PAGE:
### Objective Function

Unlike traditional optimization problems where we aim to maximize or minimize a certain quantity, Sudoku solving is primarily about satisfying a set of constraints to reach a feasible solution that adheres to the rules of the game. The goal is to find a valid assignment of digits to cells that meets all the specified conditions. For this reason, we do not need an objective function here and therefore we just provide a pseudo objective function:

## The Source

In the following I present the solution modeled using python together with Google OR-Tools configured to use the ‘SCIP’ solver, available with an Apache License 2.0. It is an exceptional strong and free open source solver.

The main part of the program lies in the solve() function, where the MILP is constructed and solved. The two additional functions convert_sudoku_to_binary_array() and convert_x_to_sudoku() are only used to generate a 2d-Sudoku solution from the 3d result matrix and the 3d parameter from the 2d-Sudoku specification. The source code shown beneath can also be obtained here from my github account.

```
from ortools.linear_solver import pywraplp
import numpy as np
def solve(sudoku):
"""
Solve the sudoku passed
:param sudoku: a 9x9 sudoku field
:return: the completed 9x9 sudoku field
"""
# Create the model.
solver_name = 'SCIP'
model = pywraplp.Solver.CreateSolver(solver_name)
model.EnableOutput()
# create clues parameter
c = convert_sudoku_to_binary_array(sudoku)
# create index sets
I, J, K, P, Q = list(range(9)), list(range(9)), list(range(9)), list(range(3)), list(range(3))
# create decision vars
X = {}
for i in I:
for j in J:
for k in K:
X[(i, j, k)] = model.BoolVar('task_i%ij%ik%i' % (i, j, k))
# constraint 0: Each cell must contain a digit
for i in I:
for j in J:
model.Add(sum(X[(i, j, k)] for k in K) == 1)
# constraint 1: Each row must contain each digit exactly once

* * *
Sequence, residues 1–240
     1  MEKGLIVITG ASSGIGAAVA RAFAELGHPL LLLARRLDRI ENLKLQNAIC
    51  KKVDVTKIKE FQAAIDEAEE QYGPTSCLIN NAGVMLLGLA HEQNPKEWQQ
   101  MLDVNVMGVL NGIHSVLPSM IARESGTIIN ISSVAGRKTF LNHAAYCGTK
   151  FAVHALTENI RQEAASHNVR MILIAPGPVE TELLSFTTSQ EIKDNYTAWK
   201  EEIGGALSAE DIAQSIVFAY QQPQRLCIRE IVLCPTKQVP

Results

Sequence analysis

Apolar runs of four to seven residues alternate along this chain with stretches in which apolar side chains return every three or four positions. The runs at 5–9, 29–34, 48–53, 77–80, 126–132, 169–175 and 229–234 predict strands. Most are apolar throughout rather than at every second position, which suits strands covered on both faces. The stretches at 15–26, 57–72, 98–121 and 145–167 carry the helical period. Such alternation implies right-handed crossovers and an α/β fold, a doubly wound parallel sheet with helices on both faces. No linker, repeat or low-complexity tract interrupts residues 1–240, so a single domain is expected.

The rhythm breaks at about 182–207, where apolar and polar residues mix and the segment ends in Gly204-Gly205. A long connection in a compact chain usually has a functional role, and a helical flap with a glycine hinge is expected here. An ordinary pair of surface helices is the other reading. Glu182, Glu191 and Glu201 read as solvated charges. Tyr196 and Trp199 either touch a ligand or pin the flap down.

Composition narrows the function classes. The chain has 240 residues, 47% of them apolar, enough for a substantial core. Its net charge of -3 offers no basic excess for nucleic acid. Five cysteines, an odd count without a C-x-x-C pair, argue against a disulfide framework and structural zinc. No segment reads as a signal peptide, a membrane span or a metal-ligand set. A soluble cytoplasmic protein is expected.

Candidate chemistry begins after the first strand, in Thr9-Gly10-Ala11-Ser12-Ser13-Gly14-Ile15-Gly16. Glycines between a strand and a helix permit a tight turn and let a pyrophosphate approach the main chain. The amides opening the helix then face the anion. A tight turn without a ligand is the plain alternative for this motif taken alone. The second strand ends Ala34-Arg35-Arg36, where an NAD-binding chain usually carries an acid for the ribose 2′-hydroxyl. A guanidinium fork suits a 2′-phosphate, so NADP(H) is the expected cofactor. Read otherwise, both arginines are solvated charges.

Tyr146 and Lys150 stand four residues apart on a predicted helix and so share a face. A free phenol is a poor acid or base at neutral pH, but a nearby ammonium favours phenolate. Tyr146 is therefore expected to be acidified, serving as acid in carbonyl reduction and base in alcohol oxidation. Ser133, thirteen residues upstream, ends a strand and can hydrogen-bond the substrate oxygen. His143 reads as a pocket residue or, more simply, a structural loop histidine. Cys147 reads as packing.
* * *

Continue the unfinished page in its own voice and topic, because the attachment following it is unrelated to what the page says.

for i in I:
for k in K:
model.Add(sum(X[(i, j, k)] for j in J) == 1)
# constraint 2: Each column must contain each digit exactly once
for j in J:
for k in K:
model.Add(sum(X[(i, j, k)] for i in I) == 1)
# constraint 3: Each subgrid must contain each digit exactly once
for p in P:
# calculate i_subset from p for sum-formula
i_subset = list(range(3 * p, 3 * p + 3))
for q in Q:
# calculate j_subset from q for sum-formula
j_subset = list(range(3 * q, 3 * q + 3))
for k in K:
model.Add(sum(X[(i, j, k)] for i in i_subset for j in j_subset) == 1)
# constraint 4: Comply with the clues provided
for i in I:
for j in J:
for k in K:
model.Add(X[(i, j, k)] >= c[(i, j, k)])
# Zielfunktion
model.Minimize(0)
status = model.Solve()
if status == pywraplp.Solver.OPTIMAL:
model_solved = True
solution = convert_x_to_sudoku(X)
else:
model_solved = False
solution = sudoku
return model_solved, solution
def convert_sudoku_to_binary_array(sudoku):
"""
Takes a 2x2 sudoku np-array and derives a 3-d clue param by adding a dimension
of binary flags for each digit as required by the model
:param sudoku: the sudoku np-array
:return: the clue parameter for the model
"""
binary_sudoku = np.zeros((9, 9, 9), dtype=int)
for i in range(9):
for j in range(9):
if sudoku[i, j] != 0:
binary_sudoku[i, j, sudoku[i, j] - 1] = 1
return binary_sudoku
def convert_x_to_sudoku(X):
"""
Convert the solver solution back to a sudoku 2x2 field
:param X: the solution variable x[i,j,k]
:return: a sudoku 2x2 field
"""
sudoku = np.zeros(shape=(9, 9), dtype=np.int8)
for i in range(0, 9):
for j in range(0, 9):
for k in range(0, 9):
if X[(i, j, k)].solution_value() == 1:
sudoku[i, j] = k + 1
return sudoku
if __name__ == '__main__':
# Define a sudoku; 0 = undefined, 1-9 are clues
sudoku = np.array([[0, 7, 2, 4, 8, 5, 0, 0, 0],
[4, 0, 8, 2, 0, 0, 0, 0, 0],
[5, 0, 0, 0, 0, 9, 4, 0, 0],
[0, 0, 5, 0, 0, 1, 0, 0, 8],
[0, 0, 0, 0, 6, 0, 0, 0, 0],
[1, 0, 0, 5, 0, 0, 9, 0, 0],
[0, 0, 4, 1, 0, 0, 0, 0, 5],
[0, 0, 0, 0, 0, 4, 3, 0, 7],
[0, 0, 0, 7, 3, 8, 2, 1, 0]])
solved, solution = solve(sudoku)
if solved:
print(solution)
else:
print("No solution found. Unfeasible instance provided.")
```